Wednesday 16 October 2019 12:01 am

Watchdog censures Boohoo and Missguided over ‘sexual’ adverts

The advertising watchdog has censured retailers Boohoo and Missguided over adverts that contained “offensive” and “socially irresponsible” sexual references.

In an online video ad for women’s fashion brand Missguided, young women in swimwear were depicted in “seductive poses”, including one shown with a strawberry between her lips.

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“If you plan on wearing clothes this summer we’ve got you covered… kind of,” the on-screen text read.


Complainants said the ad, which appeared during ITV’s Love Island, was overly sexualised and objectified women.

Separately, a marketing email sent to customers by rival Boohoo contained an image of a female model wearing a beige jacket accompanied by the words “send nudes”.

The Advertising Standards Authority (ASA) received a complaint stating that the ad was socially irresponsible due to its reference to requests for sexual photos.

The watchdog upheld both complaints and ruled that the adverts must not appear again in their current forms.

Missguided defended its TV advert, stating that the imagery was merely “motifs used to create a lifestyle brand” and argued that its ad was not dissimilar to the opening titles and content of Love Island instead.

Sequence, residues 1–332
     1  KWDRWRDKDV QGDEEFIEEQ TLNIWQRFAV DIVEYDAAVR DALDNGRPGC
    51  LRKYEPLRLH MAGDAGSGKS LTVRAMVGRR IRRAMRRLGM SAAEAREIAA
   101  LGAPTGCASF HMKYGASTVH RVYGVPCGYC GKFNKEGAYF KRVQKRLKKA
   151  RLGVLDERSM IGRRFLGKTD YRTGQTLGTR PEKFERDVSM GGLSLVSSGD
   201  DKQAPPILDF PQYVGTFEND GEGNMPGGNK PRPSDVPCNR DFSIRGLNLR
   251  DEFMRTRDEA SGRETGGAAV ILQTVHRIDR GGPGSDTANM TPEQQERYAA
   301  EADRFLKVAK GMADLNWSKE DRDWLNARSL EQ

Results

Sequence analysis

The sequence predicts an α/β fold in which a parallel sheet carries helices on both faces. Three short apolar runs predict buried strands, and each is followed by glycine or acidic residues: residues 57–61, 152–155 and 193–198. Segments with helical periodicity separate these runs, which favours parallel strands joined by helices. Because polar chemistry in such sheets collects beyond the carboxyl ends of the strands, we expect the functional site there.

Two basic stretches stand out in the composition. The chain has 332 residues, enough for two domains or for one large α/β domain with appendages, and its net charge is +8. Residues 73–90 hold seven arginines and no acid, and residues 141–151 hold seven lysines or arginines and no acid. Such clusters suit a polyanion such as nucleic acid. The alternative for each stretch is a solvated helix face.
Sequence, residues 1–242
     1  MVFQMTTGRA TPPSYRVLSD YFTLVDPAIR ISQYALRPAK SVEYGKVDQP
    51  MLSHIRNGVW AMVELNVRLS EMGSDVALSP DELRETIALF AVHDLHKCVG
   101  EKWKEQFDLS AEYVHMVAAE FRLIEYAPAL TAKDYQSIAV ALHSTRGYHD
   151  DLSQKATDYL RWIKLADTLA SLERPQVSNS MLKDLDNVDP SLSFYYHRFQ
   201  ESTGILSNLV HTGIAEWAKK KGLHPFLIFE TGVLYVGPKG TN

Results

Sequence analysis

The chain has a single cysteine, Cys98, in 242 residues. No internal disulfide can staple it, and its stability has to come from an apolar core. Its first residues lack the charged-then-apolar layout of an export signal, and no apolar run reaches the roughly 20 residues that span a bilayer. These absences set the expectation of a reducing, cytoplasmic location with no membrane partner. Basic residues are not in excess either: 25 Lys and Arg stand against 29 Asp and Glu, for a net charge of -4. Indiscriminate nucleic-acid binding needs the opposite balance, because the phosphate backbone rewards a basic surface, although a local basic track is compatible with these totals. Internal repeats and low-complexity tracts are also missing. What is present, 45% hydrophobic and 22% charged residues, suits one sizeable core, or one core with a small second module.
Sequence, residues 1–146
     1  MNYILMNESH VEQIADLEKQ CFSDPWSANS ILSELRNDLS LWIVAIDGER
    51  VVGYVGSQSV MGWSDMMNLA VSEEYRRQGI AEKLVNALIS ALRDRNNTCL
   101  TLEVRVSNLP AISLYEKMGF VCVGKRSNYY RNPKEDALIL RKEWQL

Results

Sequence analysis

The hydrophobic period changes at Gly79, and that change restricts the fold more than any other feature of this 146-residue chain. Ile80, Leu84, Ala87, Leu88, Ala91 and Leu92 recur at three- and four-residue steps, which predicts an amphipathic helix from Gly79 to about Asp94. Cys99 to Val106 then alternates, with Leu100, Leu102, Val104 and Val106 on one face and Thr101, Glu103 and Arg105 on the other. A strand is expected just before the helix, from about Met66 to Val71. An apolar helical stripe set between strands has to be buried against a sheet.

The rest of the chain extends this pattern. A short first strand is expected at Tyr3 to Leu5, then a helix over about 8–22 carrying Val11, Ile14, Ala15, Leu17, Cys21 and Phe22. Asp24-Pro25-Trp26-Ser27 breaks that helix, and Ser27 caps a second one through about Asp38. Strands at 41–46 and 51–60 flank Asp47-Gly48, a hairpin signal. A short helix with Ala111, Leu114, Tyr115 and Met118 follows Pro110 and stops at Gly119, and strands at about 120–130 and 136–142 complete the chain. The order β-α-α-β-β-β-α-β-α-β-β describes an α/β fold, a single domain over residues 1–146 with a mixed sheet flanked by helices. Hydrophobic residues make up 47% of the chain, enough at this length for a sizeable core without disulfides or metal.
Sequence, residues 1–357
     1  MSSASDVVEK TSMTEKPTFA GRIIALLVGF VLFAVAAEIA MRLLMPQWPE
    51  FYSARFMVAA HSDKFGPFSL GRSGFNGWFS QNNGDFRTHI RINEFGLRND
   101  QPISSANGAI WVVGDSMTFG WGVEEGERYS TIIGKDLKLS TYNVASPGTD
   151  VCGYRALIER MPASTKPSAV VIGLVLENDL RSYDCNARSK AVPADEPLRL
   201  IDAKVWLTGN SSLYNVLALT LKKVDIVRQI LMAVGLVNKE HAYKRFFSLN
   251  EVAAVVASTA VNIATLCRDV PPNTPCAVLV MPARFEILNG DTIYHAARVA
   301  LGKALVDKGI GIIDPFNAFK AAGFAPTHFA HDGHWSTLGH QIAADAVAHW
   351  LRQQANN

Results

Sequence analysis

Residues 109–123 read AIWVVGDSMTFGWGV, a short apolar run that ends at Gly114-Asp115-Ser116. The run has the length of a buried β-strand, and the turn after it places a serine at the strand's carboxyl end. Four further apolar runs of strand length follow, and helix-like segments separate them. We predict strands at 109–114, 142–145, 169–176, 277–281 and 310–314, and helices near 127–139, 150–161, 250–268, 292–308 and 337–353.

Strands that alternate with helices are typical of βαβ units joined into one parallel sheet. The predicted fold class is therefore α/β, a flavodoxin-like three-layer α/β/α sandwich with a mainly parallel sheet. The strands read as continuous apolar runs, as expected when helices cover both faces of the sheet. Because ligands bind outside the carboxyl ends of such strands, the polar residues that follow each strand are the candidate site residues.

However, the ASA ruled that some of the images were “highly sexualised” and did not even depict the clothing being advertised

“We considered that the cumulative effect of the scenes meant that overall, the products had been presented in an overly-sexualised way that invited viewers to view the women as sexual objects,” it said.


While the watchdog acknowledged similarities between the ad and Love Island, it said some viewers would still be offended by the campaign’s portrayal of women.

Boohoo also disputed the claims, arguing that its use of the word “nude” was intended solely to refer to a colour scheme. It added that that email was only sent to people who had agreed to the firm’s terms of use, which stipulate that an individual must be at least 18 years old.

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But the ASA said the expression “send nudes” was likely to be understood as a reference to sexual photos and that many of the email recipients may have misreported their age and been under the age of 18.

It concluded that the ad was socially irresponsible as it was aimed at a relatively young audience that could be harmfully affected by pressure to send sexual images of themselves.

Main image credit: Boohoo

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